What’s your earliest Sidmouth Folk Festival memory?
My first memory of Sidmouth is of coming with Flook in 1996. There’s a kind of symmetry about coming back after all these years and the Ham is hallowed ground for us! We were only a couple of months formed when were first invited to Sidmouth, and that launched us both into being a band and onto the folk scene.
Favourite moment during one of your own Sidmouth concerts?
We’ve played a few times at Sidmouth, and it’s always the audience reaction At that first show the response was incredible and we were so young, we didn’t realise that what we were doing was potent. I remember that Ralph McTell compered the stage. Our Flook Live album opens with Ralph’s introduction, so he’s the only vocalist to appear on a Flook album!
Most memorable performances by other artists at Sidmouth?
I’ve seen some amazing gigs at Sidmouth. I remember seeing Kathryn Tickell, and being bowled away the first time I saw Chris Wood & Andy Cutting. I didn’t know much about English folk music then, being born and brought up in Ireland, so everything was brand new to me, and what they did was spellbinding.
Favourite festival memories away from the stages?
Going into the sea for the first time!
Which performers at this year’s festival would you most recommend seeing?
Rowan Rheingans. She’s there two nights before us and I’m pretty gutted that we’re going to miss her. Sarah went to see her new show Dispatches On The Red Dress and was really genuinely blown away. Le Vent Du Nord on the Wednesday is going to be stonking, too!
What makes The Sidmouth Folk Festival special?
For me, Sidmouth has a certain vibration which is unlike any other festival I’ve ever been to. Maybe it’s the rhythm of the tides coming in and out, along with the sea shanties, the cliffs and the Esplanade – it’s all a weird, folkie siren song! In fact, I fell in love with it so much that I went to live in Sidmouth for eighteen months, when Flook were taking a wee break, years ago.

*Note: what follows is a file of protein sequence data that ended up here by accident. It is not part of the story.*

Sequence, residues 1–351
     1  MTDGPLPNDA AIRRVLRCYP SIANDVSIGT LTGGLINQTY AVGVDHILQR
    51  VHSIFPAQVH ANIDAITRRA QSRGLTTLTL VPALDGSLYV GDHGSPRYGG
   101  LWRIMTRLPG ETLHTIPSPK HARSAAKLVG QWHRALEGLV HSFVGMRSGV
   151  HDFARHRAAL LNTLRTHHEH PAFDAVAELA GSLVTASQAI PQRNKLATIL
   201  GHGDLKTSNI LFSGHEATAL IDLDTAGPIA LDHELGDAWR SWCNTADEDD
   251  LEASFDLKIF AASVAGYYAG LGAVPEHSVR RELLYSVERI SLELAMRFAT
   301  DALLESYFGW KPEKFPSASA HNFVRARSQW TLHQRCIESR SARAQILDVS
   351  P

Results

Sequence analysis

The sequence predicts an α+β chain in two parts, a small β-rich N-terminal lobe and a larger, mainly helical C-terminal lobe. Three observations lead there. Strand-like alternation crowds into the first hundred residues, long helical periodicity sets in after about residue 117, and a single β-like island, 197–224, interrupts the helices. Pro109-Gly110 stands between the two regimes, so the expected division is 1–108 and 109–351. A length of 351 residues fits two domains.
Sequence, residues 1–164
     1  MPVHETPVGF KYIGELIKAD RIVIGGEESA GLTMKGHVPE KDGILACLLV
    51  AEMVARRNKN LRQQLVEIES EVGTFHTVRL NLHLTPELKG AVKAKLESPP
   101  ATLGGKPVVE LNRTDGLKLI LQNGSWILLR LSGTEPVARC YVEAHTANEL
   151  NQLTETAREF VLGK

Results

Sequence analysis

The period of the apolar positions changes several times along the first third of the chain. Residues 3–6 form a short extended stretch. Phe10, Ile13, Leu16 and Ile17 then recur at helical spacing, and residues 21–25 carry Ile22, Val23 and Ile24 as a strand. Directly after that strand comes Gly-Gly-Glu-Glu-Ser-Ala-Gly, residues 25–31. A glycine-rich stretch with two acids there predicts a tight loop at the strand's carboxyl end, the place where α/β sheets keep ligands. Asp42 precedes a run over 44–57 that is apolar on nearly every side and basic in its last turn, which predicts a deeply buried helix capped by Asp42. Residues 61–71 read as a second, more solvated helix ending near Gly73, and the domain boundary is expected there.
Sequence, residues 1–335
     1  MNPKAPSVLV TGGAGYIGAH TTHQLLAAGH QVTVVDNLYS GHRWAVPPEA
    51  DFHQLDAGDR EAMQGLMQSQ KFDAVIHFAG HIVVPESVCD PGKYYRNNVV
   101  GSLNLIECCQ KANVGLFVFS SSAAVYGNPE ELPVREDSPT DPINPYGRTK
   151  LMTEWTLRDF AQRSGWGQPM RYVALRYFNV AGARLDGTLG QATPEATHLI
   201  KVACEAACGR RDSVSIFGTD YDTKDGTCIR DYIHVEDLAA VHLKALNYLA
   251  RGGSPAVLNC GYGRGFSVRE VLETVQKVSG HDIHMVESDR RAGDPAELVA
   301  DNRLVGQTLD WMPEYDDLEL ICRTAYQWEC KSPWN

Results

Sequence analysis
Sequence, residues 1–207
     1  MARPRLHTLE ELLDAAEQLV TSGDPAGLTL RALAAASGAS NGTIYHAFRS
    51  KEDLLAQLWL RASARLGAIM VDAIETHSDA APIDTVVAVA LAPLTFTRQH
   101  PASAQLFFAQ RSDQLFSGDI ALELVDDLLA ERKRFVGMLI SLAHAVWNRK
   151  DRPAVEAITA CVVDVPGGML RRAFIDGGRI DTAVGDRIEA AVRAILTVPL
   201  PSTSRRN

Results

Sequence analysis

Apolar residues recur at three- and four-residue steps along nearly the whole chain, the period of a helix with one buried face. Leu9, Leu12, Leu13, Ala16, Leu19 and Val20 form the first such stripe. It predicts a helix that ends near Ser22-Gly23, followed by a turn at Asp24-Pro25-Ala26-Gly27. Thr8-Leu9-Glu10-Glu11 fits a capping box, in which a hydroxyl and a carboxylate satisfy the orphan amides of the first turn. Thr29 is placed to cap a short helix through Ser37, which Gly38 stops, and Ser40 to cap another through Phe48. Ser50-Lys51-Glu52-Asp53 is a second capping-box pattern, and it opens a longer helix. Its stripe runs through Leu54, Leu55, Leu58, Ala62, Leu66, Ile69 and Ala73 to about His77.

Are you a morning workshop or Late Night Extra person?
I’m kind of in-between, actually. I like mornings – I’ve got two young kids who get up early, and I can get a lot done. But I also like a boogie and that whole night-owl, insomniac Bulverton thing has a draw as well!
Who’s the best ceilidh dancer in Flook?
Oh, hands-down John Joe. He’s done a fair bit of step-dancing in his time too – he’s made of rhythm!
What advice would you give to anyone attending The Sidmouth Folk Festival for the first time?
I would just say get about – from the Morris dancers on the seafront to the late night boogieing in the Bulverton. Try to get a flavour of it all, because it’s richly diverse musical programming. Sidmouth kind of reminds me of the Fleadh Cheoil in Ireland, because the whole town opens up and there’s music bubbling out on the street and spilling out of the pubs. Maybe that’s why I immediately felt so at home there.
What can the Sidmouth audience expect from Flook’s Ham show on Tuesday 6th August?
We’ll be playing a lot of the new album, Ancora, and maybe a few old favourites. We can’t wait to get back – we’re sharp and ready again. We know how to enjoy these moments now, having been doing it for so long. We won’t come thinking we’re entitled to a great gig, but we’ll savour every moment. We get a lot of offers from festivals, but there are very few places that are no-brainers, and Sidmouth is one of those. Sidmouth feels like home.
Flook play The Ham on Tuesday 6th August with Lisa O’Neill. Tickets onsale: